One passenger was a former fashion writer for the New York Times, Kathleen Cannel. She had been in Paris throughout the occupation and had left it only two weeks earlier. Her eyewitness account of life in the city was the first the newspaper had published from a staff member in four years. She said that Parisians were eating less food than ever and many were malnourished or anaemic. Electricity shortages closed the Metro for most of the day and all night. When it did run, its carriages were so crowded that ‘the sardine box is spacious and deliciously perfumed by comparison’. Many civilians on the Metro ‘have their clothes torn off, children are trampled under foot, aged persons are thrown out of the cars and fist fights are so common no one even turns his head to see what the row is about’. Neighbours were denouncing one another, and patriots were murdering collaborationists and black marketeers. ‘In spite of all this sound and the fury,’ she said, ‘Paris is deceptively calm. Avenging bullets echo deep below the surface of daily life. Though there is little bread there are plenty of circuses. People escape from the galling irritation of perpetual difficulties into the realm of art. Theatres and talkies are crowded even in winter when the halls are unheated. The Grand Opera is sold out both for opera and ballet half an hour after the opening of the box office.’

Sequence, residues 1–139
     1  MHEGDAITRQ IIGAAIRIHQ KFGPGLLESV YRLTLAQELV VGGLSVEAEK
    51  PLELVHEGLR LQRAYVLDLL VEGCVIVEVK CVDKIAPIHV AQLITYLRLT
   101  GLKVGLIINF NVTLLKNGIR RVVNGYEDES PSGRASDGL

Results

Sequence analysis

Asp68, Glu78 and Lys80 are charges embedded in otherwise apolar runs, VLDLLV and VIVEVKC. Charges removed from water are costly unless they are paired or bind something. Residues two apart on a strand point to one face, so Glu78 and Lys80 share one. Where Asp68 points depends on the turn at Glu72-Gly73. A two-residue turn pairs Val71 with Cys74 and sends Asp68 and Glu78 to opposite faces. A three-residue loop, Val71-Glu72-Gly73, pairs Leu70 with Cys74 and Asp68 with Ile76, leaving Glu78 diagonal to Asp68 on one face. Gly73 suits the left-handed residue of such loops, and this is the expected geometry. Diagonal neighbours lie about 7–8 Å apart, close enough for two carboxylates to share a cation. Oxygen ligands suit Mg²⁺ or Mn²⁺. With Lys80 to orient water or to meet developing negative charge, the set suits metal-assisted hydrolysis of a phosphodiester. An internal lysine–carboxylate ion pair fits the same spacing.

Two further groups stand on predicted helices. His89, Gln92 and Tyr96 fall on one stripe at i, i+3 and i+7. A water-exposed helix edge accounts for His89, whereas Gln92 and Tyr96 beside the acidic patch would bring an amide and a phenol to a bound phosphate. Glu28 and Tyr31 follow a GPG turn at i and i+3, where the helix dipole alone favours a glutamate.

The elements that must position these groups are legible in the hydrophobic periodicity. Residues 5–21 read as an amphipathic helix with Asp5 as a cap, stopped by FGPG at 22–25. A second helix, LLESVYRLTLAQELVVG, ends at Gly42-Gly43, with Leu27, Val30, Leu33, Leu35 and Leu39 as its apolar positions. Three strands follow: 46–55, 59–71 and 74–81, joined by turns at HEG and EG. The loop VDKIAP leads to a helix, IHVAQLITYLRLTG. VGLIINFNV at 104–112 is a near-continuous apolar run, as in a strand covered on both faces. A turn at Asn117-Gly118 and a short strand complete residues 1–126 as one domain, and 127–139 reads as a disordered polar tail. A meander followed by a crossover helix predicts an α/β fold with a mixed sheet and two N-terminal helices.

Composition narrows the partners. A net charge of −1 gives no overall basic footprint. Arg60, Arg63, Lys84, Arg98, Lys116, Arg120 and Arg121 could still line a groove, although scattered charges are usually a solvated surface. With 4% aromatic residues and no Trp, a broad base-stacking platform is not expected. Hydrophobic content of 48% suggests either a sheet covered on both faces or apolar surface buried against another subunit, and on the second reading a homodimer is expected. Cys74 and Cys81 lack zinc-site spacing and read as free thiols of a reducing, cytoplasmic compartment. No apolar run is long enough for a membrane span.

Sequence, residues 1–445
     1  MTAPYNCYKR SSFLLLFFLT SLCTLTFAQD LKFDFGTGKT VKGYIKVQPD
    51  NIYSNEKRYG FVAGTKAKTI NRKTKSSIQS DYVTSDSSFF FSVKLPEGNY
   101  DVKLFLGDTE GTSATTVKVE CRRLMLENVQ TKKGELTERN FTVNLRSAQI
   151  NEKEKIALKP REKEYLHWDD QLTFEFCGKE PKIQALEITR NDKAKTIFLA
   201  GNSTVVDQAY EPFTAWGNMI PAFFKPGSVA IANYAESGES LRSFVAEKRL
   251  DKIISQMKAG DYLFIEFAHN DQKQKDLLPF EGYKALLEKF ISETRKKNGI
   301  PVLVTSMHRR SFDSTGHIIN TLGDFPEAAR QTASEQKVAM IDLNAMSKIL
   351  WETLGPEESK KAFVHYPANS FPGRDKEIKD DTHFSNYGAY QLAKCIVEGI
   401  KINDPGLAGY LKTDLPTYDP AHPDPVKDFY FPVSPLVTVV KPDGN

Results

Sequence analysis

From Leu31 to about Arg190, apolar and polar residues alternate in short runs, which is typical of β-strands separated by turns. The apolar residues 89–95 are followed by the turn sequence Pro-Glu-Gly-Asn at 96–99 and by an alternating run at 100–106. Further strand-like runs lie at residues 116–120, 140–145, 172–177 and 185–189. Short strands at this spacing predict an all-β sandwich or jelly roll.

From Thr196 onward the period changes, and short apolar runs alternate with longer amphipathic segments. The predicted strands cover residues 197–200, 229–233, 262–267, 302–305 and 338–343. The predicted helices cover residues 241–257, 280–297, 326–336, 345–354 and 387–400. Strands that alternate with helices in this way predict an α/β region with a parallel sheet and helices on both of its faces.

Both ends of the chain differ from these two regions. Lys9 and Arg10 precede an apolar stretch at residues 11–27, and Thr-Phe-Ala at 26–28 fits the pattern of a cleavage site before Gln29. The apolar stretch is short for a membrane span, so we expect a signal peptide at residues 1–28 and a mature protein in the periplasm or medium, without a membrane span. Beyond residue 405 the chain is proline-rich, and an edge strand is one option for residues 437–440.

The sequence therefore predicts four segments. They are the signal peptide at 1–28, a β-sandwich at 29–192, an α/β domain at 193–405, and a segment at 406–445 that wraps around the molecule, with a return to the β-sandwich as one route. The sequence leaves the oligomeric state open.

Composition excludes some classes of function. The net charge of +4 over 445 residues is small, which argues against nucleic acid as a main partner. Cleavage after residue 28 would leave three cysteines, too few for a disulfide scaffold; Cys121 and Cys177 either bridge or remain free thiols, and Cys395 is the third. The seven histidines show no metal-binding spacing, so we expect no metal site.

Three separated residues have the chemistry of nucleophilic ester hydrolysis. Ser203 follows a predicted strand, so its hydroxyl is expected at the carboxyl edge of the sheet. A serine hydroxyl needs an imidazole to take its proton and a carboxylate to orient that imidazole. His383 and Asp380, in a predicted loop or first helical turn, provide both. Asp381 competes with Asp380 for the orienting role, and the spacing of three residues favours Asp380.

Miss Cannel did not say why she left Paris after having stayed for so long. But she gave the impression that the city was afraid of what would happen to hasten the liberation: ‘The Paris air is more highly charged with menace than at any time since the French Revolution. Invasion, civil war, siege, famine, prison–whatever form the future may take–Parisians are minutely expecting the deadliest phase of the war.’

King John opened for a second season at the Théâtre de l’Odéon in the spring of 1944, when the Allies were bombing the industrial suburbs of Paris. Occasionally, air raid sirens interrupted the play and forced the audience into underground shelters. At the same time, rumours of what Clara de Chambrun called the Allies’ ‘eagerly expected landing’ somewhere on the coast of northern France were giving hope to the increasingly oppressed people of Paris. One short passage in the play that had gone unremarked in 1943 suddenly resonated with the spectators. In Act Four, a Messenger declared to King John,